Retro review: Ace Combat Zero: The Belkan War

Daniel Woodhouse

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Retro game Ace Combat was released in 1992.
Photo courtesy of Facebook

The Ace Combat series is set on a parallel Earth called Strangereal — where the continents have been reshaped and the countries have names unlike those of today. Zero takes place in 1995, fifteen years before AC5. This chapter of the series covers the Belkan War, where the country of Belka invades its former province Ustio after a surplus of natural resources is discovered in Ustio. After losing numerous battles, the Ustio military hires several squadrons of veteran mercenary pilots in order to turn the time.

AC Zero not only has a unique story, but also presents numerous themes of warfare and the human condition. It poses questions such as: is there really a difference between war and peace? If people draw lines in the sand about whose land is whose, humans are doomed to forever fight one another because of the way we have divided ourselves. Does the word ‘innocent’ mean anything in war, or is all just collateral damage? And when it all comes down to it, what’s most important to the soldier: honor, glory or survival?

Gameplay involves air combat, but each mission is different in its own way. Sometimes the player battles with enemy aces. Other times they can participate in air recon for an upcoming strike, or even taking part in naval and ground battles by providing crucial air support. What really sets this series apart from other flight simulators is that each game has its own super weapon and airship battles. In Zero, players can fight a giant laser that can decimate entire squadrons of fighters; its airship is a 200 foot long bomber/carrier equipped with about two dozen anti-aircraft guns and launches fighter jets.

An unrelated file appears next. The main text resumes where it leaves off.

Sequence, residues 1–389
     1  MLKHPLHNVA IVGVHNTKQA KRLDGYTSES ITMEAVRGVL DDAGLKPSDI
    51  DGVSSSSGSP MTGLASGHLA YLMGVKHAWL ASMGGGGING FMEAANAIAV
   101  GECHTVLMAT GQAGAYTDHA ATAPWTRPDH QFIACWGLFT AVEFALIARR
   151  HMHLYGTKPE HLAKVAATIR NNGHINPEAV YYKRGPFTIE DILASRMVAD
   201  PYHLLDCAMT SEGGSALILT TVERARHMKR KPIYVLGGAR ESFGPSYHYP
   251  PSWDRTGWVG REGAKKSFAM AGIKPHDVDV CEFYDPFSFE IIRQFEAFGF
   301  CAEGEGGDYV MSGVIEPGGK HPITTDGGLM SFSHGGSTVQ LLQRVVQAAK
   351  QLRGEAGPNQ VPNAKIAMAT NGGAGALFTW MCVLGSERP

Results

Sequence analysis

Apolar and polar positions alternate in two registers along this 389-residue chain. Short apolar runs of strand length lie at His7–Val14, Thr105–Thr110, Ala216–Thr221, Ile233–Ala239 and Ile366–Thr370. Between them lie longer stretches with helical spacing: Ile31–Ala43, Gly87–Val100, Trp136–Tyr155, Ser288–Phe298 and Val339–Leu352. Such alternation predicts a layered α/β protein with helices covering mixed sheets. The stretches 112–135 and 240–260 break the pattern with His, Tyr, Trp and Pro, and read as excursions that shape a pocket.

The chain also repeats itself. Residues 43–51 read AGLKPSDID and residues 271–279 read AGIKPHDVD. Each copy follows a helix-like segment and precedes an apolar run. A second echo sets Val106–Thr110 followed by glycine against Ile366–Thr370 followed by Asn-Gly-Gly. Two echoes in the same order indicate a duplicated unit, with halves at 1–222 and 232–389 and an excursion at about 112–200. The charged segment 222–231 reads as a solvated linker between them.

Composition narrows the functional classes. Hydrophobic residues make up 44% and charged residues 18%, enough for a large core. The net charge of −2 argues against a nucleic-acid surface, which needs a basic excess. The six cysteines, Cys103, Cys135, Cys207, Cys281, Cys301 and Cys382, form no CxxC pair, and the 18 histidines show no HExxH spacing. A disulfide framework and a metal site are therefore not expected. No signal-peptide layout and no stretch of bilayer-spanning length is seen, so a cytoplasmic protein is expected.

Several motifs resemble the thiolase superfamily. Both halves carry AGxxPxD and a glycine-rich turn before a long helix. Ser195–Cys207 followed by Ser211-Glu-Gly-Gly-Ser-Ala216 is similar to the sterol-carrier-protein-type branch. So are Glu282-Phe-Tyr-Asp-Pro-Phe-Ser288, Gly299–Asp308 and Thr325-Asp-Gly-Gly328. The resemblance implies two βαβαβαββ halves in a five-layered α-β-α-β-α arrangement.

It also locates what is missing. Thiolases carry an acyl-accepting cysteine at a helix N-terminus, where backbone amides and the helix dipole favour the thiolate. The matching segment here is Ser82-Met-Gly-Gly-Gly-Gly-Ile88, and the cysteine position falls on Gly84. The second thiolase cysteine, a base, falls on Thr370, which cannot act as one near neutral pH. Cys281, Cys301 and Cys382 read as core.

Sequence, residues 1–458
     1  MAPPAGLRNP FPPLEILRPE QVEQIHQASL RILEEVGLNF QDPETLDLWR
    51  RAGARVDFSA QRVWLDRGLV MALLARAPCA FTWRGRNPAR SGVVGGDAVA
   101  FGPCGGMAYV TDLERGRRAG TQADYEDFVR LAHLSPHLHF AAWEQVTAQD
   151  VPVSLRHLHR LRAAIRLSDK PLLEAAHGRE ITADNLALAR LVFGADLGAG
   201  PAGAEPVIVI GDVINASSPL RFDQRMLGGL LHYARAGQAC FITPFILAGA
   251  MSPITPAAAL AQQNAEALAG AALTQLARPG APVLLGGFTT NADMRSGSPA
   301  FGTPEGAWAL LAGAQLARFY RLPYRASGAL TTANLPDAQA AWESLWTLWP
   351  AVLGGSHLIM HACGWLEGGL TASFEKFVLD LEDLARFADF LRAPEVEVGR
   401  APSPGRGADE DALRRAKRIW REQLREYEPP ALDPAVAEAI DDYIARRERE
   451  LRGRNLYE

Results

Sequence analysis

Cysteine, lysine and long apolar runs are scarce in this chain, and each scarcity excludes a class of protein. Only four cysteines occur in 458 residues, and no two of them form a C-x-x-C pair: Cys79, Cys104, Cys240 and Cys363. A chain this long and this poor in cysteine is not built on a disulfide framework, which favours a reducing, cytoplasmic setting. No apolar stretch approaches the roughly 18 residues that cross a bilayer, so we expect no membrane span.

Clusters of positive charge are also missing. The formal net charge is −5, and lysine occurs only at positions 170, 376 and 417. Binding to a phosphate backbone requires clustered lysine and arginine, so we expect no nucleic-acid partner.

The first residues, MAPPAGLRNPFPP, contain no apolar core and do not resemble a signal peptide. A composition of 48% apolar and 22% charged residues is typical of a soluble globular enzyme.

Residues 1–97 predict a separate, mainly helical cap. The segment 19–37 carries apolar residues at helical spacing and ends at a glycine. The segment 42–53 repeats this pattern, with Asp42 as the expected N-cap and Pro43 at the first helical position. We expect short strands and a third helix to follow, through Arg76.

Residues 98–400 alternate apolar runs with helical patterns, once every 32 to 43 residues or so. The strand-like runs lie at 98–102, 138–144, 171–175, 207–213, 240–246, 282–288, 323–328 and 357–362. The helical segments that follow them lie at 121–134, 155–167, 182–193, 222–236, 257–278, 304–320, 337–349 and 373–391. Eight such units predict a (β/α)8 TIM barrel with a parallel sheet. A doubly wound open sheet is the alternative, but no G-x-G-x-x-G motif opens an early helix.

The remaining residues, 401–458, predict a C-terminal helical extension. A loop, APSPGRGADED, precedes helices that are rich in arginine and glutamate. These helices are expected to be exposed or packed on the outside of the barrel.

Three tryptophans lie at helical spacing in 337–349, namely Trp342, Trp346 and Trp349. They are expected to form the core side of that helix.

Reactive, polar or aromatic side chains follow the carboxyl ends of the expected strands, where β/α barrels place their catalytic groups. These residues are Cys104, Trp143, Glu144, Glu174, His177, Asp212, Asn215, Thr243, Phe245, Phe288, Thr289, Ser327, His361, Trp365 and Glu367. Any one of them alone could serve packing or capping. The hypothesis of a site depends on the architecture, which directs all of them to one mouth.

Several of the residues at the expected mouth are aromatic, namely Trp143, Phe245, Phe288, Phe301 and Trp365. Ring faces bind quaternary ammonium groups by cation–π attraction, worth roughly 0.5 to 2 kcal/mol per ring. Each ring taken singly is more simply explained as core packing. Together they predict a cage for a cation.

Around the middle or end of each mission, players have to engage in a game of cat-and-mouse with numerous ace fighter pilots who are both skilled and deadly. The dogfights are definitely the most exciting part of the game, as they create epic set pieces: skies fill with metal carnage, exhaust trails of missiles and tracer rounds of miniguns.

The planes and ground vehicles look incredibly realistic for a game from 2006. However, the graphics aren’t too detailed. Special mention also goes to the game’s score, which beautifully fits the tone of the story by giving subtle moments of serenity before returning to the deadly game of wits.

Namco, who some might remember as the developer of Pac-Man, really knocked this Ace Combat installment out of the park. I look forward to seeing new products from this amazing series.

4.5 out 5 stars